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I can only call it divine intervention
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I can only call it divine intervention

If awards were given out to the community that exhibits the highest degree of compassion toward cancer survivors, Dawson County would win hands down. I attended my first Survivors' Dinner this past Thursday night in the cafeteria at Dawson County High School. I hadn't planned on attending, but I got a special invitation from Roger Slaton, chair of the Survivors' Committee. Roger had never asked me to attend anything, so when he made a special point to call me over after a recent school board meeting, and ask if I was coming, well, I couldn't say no.

It was two days later the day before the dinner I learned my husband Randy was diagnosed with colon cancer. During a routine colonoscopy, his physician found and removed several cancerous polyps one of them was more than an inch long. This wasn't even the worst part the worst part was he got the news while alone in a hotel room. He was traveling for work. We couldn't hug each other. We couldn't comfort each other. There were just tears and long moments of silence during our calls. A plan for treatment will be made in a doctors appointment in the next few weeks.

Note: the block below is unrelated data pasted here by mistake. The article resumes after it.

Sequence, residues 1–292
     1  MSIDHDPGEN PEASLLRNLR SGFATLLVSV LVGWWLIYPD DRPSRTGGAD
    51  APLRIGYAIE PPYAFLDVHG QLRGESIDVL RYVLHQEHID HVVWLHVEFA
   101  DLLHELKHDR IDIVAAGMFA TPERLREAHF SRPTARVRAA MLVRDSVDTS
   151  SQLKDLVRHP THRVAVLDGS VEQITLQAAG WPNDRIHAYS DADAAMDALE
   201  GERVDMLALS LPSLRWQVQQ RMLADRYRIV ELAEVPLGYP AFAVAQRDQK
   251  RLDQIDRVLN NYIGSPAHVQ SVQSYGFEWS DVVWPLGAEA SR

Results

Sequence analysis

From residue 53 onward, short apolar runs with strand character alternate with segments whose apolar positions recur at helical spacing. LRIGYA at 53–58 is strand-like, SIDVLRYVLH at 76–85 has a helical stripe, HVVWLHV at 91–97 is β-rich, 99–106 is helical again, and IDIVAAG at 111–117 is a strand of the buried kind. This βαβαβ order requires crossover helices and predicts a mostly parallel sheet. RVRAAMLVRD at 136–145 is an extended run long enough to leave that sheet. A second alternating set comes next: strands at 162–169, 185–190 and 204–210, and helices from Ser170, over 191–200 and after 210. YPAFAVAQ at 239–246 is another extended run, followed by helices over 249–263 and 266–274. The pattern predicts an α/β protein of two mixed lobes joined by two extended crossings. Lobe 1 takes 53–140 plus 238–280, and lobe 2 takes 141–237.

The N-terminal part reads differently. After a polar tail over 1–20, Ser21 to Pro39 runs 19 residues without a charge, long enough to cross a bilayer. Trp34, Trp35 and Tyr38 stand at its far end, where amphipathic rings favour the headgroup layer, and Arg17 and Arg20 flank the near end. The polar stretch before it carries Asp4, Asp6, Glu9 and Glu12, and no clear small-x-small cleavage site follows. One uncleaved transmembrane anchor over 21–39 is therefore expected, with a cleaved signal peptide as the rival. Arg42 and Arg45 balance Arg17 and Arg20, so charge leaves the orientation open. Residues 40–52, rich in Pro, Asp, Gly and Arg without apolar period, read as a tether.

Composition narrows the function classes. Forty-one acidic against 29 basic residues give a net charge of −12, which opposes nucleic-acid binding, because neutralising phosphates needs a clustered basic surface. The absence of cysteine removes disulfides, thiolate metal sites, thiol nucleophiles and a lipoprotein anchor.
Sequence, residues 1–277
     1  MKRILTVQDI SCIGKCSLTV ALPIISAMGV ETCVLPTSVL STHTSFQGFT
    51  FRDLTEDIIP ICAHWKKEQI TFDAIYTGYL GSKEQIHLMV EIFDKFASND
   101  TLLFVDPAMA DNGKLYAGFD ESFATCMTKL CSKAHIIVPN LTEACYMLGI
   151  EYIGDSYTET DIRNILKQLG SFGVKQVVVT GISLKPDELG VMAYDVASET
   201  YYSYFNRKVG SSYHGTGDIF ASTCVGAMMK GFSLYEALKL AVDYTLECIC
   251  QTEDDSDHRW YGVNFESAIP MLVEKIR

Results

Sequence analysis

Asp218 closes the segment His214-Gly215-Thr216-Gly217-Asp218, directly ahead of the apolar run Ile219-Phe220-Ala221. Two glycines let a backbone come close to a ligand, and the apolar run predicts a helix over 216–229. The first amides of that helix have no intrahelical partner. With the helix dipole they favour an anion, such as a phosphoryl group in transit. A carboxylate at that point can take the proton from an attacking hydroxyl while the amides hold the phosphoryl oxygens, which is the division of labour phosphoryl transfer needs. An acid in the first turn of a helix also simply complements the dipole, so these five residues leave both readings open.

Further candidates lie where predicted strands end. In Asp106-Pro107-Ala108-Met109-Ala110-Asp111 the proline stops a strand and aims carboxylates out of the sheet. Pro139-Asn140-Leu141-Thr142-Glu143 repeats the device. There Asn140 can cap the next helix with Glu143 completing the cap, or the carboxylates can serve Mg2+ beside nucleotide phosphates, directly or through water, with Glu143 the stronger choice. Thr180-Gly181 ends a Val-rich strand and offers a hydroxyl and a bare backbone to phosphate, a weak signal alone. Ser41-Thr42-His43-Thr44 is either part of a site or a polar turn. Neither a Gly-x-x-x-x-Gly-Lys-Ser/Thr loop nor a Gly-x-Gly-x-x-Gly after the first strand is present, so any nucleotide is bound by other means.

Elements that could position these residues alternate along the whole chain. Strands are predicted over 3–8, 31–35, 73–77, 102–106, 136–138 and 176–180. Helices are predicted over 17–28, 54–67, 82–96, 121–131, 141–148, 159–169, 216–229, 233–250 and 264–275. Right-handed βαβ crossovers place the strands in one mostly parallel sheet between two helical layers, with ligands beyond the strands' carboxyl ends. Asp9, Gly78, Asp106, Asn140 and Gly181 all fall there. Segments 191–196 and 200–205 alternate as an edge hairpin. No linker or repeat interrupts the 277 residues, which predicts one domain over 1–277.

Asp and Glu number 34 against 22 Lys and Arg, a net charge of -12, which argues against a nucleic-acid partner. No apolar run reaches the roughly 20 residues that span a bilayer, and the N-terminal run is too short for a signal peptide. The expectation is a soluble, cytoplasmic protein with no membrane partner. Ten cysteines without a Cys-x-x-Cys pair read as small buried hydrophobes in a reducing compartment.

It didn't make it any easier that, at the time, I was dealing with an annual case of vertigo which left me unsteady and in a neck brace.

The first person I saw in the parking lot at the high school was Linda Townley. I was a bit wobbly and asked if she'd hold my hand. She willingly reached out. We talked for a few moments on our way in, and she openly shared part of her survivor story.

City Council member, Angie Smith, started off the evening with a spiritual, encouraging song. Her voice is beautiful. I started getting misty-eyed.

Several "Honorary Chairperson" certificates were given out by Roger to honor families who had lost loved ones. Anna Miles spoke about her son Kenneth Stewart, 12, who lost his battle with a rare form of brain cancer in March. It was then the tears started coming.

There was a brief lull in the program while dinner was being prepared. And, for some reason that I can only describe as divine intervention, I was compelled to ask Roger for the microphone. I read the group the text message from my husband. "I have colon cancer." It was then a river of crocodile tears came pouring down my face. I can't remember exactly what I said, but I know I ended with, "If you see me around town and I look like I'm having a bad day, all I probably need is a hug."

When the program ended, I was suddenly surrounded by nearly a dozen people every one of them hugged me and gave me words of encouragement, advice and shared part of their own stories.

If there was ever a time and place for this to have happened to my family, I'm glad it was in Dawson County. People here have a compassion like I've never seen.

Several Lady Tigers from the girls basketball team tenderly placed medals around the survivors' necks. It was only a few weeks earlier when they were the ones getting medals for making it to the state championship game in Macon.

There was one individual, Aline McClure, who has survived cancer for 51 years. She is my new hero.

I left that night with a much lighter heart. I felt unburdened.

Thank you so much for what y'all did for me that Thursday night. I will never forget it.

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